Business Acumen

Coaches need business acumen in order to understand the goals and work context of their coachees. Business knowledge also gives coaches credibility with their coachees and others in the coachees‘ organization. In addition to general business knowledge, coaches need to acquire knowledge of the specific businesses of their coachees.


Organizational Knowledge

Coaches work with coachees who must accomplish their work goals and advance their careers within the context of their organization. Therefore, it is important for coaches to understand organizational structures, systems, processes and how to assess all of these elements of the organization in which the coachee works.


Specialist Industry Experience
Everyone has experience or is familiar with a niche market. Coaches who have a background knowledge and/or professional qualifications in a specific market sector are; better able to brand their specialist services and attract clients and, be more valuable to clients in those sectors of the market that they specialise in.

'Sector Knowledge’ and the coach as a 'sector specialist’.

Though under-researched, much of what we know about coaching practice/work suggests that client management is highly sensitized to this kind of information. The coach can also act as a crucial intermediary who brings news of his or her sector. The industrial sector in which the coach operates can generate indirect information about rivals best practice standards, similar programs and results and even open the opportunity for clients to network. Sector-specific knowledge enables coaches to provide the kinds of learning and understanding that help firms interact with their sectors.


Demand for sector knowledge may stem from clients who are familiar with traditional industry standards but want different cutting-edge techniques and know-how. Contemporary organisational realities challenge coaches to develop more up-to-date specialist sector knowledge.


Rapid changes in a whole range of business sectors over the last decade have resulted in executives/leaders requiring a more diverse range of technical professional skill sets. In response, coaches increasingly need to develop a portfolio of coaching methods that enable them to address not only cultural changes (e.g. attitudinal) but also structural changes (e.g. organizational design). Today, most clients who hire organizational coaches do so to complement leadership and strategic changes anticipated or already undertaken. Coaches also need to increase their ability to understand and work with organizational internal change managers and other external consultants, who see the world predominantly through their own technical eyes.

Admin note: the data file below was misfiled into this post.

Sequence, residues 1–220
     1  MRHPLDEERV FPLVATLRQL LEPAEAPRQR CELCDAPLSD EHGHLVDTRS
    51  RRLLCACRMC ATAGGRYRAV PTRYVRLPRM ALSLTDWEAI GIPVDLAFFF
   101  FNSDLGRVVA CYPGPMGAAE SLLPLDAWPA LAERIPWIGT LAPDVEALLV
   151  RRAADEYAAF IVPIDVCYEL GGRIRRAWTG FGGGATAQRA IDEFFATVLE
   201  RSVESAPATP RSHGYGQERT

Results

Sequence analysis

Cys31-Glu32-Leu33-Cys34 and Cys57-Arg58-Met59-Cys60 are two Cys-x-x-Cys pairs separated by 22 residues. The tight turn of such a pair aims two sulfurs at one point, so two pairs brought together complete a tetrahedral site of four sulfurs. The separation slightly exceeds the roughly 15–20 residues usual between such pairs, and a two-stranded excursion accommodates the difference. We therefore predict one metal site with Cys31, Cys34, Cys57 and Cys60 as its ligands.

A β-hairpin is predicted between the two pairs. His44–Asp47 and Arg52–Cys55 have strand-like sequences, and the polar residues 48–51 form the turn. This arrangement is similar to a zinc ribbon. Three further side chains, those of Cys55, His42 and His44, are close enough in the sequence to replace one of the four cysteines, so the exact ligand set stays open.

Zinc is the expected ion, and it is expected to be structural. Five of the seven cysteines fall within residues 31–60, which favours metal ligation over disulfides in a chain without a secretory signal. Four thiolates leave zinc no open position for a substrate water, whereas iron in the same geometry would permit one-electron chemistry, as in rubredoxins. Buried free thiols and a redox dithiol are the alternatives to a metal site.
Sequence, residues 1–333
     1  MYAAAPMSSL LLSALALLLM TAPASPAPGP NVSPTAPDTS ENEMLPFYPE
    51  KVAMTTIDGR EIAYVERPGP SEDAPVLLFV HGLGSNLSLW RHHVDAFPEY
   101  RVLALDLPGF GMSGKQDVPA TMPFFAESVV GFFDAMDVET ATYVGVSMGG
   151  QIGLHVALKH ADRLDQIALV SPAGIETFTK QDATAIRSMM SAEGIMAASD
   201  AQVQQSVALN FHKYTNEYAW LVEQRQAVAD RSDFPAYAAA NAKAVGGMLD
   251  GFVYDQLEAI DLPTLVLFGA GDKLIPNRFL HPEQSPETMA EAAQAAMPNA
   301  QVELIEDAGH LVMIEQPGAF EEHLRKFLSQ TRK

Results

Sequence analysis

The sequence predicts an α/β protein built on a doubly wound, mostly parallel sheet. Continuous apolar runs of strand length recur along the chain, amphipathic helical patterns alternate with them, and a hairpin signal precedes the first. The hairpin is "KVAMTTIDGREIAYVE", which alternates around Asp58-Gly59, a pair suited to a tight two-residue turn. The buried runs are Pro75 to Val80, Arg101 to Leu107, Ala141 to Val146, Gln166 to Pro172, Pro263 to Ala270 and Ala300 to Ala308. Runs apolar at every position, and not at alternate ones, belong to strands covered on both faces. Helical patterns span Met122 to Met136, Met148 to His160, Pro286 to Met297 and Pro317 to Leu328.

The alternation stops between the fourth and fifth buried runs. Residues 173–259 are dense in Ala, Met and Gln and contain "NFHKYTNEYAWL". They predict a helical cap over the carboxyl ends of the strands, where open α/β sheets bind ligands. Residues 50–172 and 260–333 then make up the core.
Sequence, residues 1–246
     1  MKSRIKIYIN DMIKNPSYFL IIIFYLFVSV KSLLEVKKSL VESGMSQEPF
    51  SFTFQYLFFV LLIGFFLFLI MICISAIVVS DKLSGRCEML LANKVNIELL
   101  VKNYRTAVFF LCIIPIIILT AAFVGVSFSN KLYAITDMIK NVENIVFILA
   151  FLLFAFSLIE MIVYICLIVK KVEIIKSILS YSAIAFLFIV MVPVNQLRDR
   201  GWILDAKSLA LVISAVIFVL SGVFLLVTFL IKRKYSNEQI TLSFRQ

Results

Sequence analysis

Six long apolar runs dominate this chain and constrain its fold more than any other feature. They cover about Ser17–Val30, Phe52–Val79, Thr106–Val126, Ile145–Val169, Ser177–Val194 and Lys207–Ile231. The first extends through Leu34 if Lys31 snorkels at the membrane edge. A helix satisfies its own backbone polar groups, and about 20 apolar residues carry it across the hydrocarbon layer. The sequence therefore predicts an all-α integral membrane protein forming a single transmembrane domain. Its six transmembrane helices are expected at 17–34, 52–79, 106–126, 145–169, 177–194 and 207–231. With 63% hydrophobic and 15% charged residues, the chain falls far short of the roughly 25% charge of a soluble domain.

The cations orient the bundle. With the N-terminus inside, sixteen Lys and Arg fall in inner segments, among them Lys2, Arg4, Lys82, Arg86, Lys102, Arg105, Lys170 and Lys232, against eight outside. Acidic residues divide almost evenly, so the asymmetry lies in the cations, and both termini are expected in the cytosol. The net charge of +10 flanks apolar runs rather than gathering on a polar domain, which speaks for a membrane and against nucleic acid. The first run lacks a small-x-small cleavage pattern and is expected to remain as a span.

An interesting study recently found that people who are specialists in certain fields -eg; sales, finance, engineering etc. -tend to develop brain connections to handle their job with the least amount of energy possible. This simply means that a person in accounting and an engineer have their brains wired differently. It follows that they will not see the world the same way, even if they share some similar world views! Hence the case for a personalized approach to coaching by a coach who has first-hand experience in the specialist workplace he/she is working in.

Specialist vs. Generalist:
Many new coaches mistakenly think that by marketing their services to a niche they will lose money and customers. The struggle is whether to become a Specialist versus Generalist. The fact is there is greater success in becoming a Specialist. Firstly, people pay more money for specialists. Secondly, your services and brand are more desirable and it becomes easier and less expensive to prospect. When you narrow your market focus your customer base can actually expand. And thirdly, more value is added to the client relationship via your expertise, and you also make fewer mistakes because you have 'been there before' and actually know what you’re doing!

The world is full of generalists who know a little about a lot. At the SME level, there are simply too many people providing coaching services as generalists. Sometimes the decision to become a generalist or specialist may be made for you depending on your professional background and the companies you have worked for. Most coaches start out as generalists, taking whatever job they can find to get their foot in the door and expand their future opportunities. Given that Generalists have a lower fee structure than Specialists they also have more contract opportunities in this marketplace. That said, today's new professional coach needs to consider the above noted emerging market forces and think long and hard whether they wish to be recognized as a Specialist in their area of expertise and industry.

The Certified Master Coach Course -elite training in the use of industry-proven best-practices and evidence-based psychological methodologies:
Many vital behavioral-based change models, tools and techniques and industry best-practices a professional coach requires are only available to coaches trained and mentored by an educator who is a licensed clinical psychologist and an experienced global workplace practitioner. The Institute's invitational, fast-tracked, 4 Day, Small Group Certified Master Coach Course (conducted in N.Y., London, Los Angeles, Sydney, Bangkok and via our Distance Learning Program etc) meets the critical needs for organizational, business and executive coaches to be trained and mentored in the use of validated, reliable tools and practices. 
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© 2010 Behavioral Coaching Institute



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Content: specialist coach, specialist coaching, industry, leadership coaching, business coaching, workplace coach, specialist coach, specialist coaching, industry, professional coaching, workplace coaching, executive coaching, corporate coaching, leadership coaching, business coaching, workplace coach, coaching in the workplace, coaching best practice, organizational coaching, coaching profession, workplace coaching, executive coaching, corporate coaching, business coaching, professional coach, coaching in the workplace, coaching best practice, organizational coaching, executive coaching, business coaching, professional coach, professional coaching, coaching profession, executive coaching,